Privacy Alert

It has been revealed that the government of the United States is secretly negotiating with the popular messaging application, WhatsApp to decrypt its messages.

According to the New York Times, some White House officials are considering opening up a new legal battle to compel WhatsApp to stop encrypting messages if the secret negations breakdown between the government and the company.

WhatsApp is owned by Facebook. The application allows customers to send messages and make phone calls over the Internet. In 2015, WhatsApp started to encrypt messages and conversations that passed through its platform, to enhance its customers’ privacy.

However, in an ongoing case, a federal judge has approved a wiretap telling WhatsApp to hand over messages that relate to an active investigation. The nature of the case is not clear. But officials have said that it does not involve a terrorism investigation.

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The encryption method used by WhatsApp means the content of the messages cannot be accessed by WhatsApp, or investigators. WhatsApp uses an end-to-end encryption method, and with this method, only the sender and recipient of the message can access it.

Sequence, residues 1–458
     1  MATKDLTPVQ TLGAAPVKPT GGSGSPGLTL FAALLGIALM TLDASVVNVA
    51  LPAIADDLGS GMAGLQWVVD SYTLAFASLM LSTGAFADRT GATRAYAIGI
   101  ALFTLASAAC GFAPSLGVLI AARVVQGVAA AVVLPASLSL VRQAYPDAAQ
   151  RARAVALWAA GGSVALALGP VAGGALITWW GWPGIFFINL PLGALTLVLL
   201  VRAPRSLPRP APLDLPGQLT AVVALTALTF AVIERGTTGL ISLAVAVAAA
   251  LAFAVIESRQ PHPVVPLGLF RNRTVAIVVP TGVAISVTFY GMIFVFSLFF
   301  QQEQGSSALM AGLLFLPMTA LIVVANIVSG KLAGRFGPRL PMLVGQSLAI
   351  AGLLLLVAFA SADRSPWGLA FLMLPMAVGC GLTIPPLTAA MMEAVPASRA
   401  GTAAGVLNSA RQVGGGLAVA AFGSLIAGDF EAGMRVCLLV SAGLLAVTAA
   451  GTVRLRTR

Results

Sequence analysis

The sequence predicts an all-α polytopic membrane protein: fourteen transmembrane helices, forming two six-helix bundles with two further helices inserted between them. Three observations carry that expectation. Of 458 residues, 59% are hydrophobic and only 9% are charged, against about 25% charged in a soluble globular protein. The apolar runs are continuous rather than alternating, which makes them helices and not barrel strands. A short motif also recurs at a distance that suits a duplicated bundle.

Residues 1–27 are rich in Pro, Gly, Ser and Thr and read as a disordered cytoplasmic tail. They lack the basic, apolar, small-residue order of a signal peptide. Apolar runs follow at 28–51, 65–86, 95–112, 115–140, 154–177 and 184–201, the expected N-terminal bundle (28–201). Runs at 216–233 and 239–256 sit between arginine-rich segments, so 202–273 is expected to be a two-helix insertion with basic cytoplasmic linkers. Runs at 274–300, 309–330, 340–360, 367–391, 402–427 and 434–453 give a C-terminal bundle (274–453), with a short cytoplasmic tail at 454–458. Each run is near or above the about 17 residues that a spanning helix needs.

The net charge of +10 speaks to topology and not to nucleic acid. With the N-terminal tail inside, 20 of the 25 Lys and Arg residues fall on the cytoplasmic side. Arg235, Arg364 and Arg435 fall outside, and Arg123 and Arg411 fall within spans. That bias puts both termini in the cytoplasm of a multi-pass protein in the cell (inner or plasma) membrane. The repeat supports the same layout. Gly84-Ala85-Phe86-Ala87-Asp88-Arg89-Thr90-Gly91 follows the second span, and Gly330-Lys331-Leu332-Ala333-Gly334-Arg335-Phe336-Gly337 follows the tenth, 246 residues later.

It’s believed that White House officials are first negotiating with WhatsApp to decrypt messages at request of frustrated investigators. But if the company turns down the request, officials are considering taking the company to the law courts. Some officials are also reportedly pressing the Justice Department to ask a judge to force WhatsApp to help the government obtain the information that has been encrypted.

The Times reported that government officials, and those who are involved in the negotiation with WhatsApp, are doing it anonymously. This is because the wiretap order, and all the information associated with it, are still under seal.

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